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  • Writer's pictureMollie Lombardi

"Welcome Home"

I have known since the day I was diagnosed that the only thing that doctors and researchers have found that may have the ability to slow the progression of Parkinson’s is exercise. Yet it’s something I’ve struggled with. I struggled with it before my PD diagnosis, too. I’ve done a variety of exercise routines in the past six years. Spin class, working out on my own, working with a trainer, kickboxing classes, and walking, yet nothing really stuck. At the same time, my disease was progressing and the old regime of drugs I was on wasn’t keeping pace. I didn’t even realize how bad it had gotten until I recently moved from taking a dopamine agonist to taking Levodopa.

This is such an insidious disease that you slowly make compromise after compromise, until suddenly you are totally compromised. Physically, mentally, and emotionally.

The vast improvement in my mobility with the change in my medication was so significant it was almost overwhelming. Overwhelming to think that I had settled for a lesser quality of life. Overwhelming to think about what I had given up by not thinking I could do more. And then realizing that I needed to do more now if I was going to be able to do more in the future. I have mentioned here before how lucky I am to have a great doctor. I’m also lucky to live less than 20 miles from the self-professed Largest Parkinson’s Wellness Facility in the country, 110 Fitness, something I had completely ignored somehow since my diagnosis.

I had seen amazing stories of the impact of exercise on PD. In particular, boxing. The training part, that is, not the getting-punched-in-the-head part. This CBS Sunday Morning piece first made me aware of Rock Steady Boxing, a program developed specifically for Parkinson’s patients - I mean fighters. When you’re in the gym, you’re a fighter, not a victim or a patient. Although I’d tried a few boxing drills with various trainers, Rock Steady is an entirely different creature. When I finally made the commitment to myself to do whatever it takes to improve my disease state, I realized how fortunate I was to have 110 Fitness nearby. Brett Miller is the owner of 110 Fitness and coaches Rock Steady Boxing. In the three days I’ve known him, he has already infected me with his enthusiasm.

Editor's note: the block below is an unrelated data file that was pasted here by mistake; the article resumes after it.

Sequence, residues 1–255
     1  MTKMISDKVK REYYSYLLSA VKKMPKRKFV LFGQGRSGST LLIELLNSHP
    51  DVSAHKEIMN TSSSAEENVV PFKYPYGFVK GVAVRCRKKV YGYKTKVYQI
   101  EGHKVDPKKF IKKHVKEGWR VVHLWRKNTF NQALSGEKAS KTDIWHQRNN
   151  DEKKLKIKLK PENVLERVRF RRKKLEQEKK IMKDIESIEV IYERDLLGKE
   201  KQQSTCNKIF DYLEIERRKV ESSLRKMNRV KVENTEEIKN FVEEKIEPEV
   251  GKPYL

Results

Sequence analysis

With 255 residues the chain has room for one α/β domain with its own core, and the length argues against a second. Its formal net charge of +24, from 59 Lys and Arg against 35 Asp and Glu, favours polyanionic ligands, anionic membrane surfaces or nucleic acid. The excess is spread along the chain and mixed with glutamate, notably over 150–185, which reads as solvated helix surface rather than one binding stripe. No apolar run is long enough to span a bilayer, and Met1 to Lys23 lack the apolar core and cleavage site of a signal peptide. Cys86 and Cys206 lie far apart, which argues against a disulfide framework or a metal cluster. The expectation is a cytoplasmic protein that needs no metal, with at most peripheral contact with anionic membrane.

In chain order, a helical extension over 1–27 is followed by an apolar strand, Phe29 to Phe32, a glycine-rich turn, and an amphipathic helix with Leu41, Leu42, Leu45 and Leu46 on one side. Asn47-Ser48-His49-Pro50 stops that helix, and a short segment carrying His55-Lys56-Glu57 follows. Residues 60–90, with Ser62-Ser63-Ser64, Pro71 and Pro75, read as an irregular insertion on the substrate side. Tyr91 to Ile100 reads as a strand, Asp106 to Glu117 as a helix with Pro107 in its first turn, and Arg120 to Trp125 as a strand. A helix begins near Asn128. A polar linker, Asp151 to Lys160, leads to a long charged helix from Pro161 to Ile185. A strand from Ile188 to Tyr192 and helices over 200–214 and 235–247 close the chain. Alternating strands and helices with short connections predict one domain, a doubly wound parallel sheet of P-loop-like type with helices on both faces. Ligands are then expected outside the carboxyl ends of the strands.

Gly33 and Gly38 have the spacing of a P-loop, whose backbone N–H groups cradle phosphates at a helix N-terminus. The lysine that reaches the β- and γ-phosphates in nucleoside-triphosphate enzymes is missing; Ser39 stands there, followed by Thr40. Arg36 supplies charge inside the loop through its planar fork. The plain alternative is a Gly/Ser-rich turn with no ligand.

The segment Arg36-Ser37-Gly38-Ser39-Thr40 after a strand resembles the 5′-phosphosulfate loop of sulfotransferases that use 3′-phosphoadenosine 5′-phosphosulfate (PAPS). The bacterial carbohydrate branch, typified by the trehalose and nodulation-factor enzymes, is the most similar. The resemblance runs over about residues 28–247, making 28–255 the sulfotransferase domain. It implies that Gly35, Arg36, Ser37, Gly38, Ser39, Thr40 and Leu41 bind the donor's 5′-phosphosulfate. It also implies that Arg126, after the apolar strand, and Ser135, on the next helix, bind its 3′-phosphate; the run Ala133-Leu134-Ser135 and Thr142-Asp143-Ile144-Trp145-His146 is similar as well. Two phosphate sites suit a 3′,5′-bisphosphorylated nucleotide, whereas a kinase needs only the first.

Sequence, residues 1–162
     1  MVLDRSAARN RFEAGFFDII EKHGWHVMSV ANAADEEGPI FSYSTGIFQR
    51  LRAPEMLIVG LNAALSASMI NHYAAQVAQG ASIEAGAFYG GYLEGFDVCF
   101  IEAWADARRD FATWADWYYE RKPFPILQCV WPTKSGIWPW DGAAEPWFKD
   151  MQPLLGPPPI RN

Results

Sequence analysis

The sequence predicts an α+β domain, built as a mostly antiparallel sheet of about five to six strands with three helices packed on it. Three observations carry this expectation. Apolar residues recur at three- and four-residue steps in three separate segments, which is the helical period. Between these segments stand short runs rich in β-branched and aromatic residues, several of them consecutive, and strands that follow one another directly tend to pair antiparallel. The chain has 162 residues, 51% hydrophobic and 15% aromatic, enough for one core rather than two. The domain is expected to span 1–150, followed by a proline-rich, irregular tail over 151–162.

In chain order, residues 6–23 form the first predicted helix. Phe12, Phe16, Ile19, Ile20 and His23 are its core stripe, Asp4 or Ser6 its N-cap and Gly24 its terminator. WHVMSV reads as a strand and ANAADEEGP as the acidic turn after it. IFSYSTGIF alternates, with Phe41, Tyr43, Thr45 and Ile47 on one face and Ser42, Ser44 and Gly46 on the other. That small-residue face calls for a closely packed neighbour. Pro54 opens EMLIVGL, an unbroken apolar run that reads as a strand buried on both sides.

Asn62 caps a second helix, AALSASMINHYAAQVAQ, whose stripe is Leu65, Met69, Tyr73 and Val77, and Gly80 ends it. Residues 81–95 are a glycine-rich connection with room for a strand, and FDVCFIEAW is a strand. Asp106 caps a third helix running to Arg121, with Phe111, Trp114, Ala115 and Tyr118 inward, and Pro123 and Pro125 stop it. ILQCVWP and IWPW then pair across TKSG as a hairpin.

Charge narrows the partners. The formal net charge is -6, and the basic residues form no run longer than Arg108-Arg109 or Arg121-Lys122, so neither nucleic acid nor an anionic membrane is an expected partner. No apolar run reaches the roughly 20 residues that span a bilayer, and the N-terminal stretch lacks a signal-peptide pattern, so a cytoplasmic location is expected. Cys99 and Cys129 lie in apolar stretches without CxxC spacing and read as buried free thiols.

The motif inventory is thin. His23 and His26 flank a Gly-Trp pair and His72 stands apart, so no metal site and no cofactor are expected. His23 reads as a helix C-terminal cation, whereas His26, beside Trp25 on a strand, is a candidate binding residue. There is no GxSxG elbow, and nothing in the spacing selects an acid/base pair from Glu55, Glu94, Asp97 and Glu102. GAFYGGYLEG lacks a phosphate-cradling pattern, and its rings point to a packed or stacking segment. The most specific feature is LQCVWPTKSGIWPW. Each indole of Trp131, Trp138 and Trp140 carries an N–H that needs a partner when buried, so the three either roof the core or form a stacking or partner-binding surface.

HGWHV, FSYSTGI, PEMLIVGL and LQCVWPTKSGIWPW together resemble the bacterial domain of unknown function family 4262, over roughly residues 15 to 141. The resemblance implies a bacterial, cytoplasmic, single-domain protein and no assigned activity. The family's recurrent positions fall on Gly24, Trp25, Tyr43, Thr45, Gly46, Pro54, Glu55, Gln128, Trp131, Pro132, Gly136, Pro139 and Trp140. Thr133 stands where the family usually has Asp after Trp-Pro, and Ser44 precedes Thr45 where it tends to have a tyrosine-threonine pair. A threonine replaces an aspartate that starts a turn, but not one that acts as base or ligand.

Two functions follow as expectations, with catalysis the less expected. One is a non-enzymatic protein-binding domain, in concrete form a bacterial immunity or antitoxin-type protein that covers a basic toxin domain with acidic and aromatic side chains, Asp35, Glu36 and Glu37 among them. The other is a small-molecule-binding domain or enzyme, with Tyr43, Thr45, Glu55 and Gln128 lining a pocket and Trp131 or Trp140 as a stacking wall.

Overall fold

So this week I went to my first Rock Steady class. I’m not going to lie; it was one of the hardest things I’ve ever done. I had to dig deep down into my physical, mental and emotional strength. While I’ve never been particularly athletic, I’ve also never been this out of condition before. It’s not all the Parkinson’s, of course, but that contributed. But as I was summoning my will and pushing as hard as I could, Brett was right there next to me yelling, “Welcome Home!” And he is right. I was home. The place where I need to be. The place I need to keep coming back to. The place where I found encouragement and strength and inspiration in the faces and encouraging words of my classmates. Where I’d never felt so good about being completely shown up by 60-somethings and 70-somethings, and not an insignificant number of 80-somethings who have a neuro-degenerative disease - I mean who are fighting back against PD.

I’ve been to two classes now. Number two was even harder and felt even better. Yet I already feel good, mostly, I'm sure, because I know I have hope. I have people in my corner. I have encouragement. I have a home.

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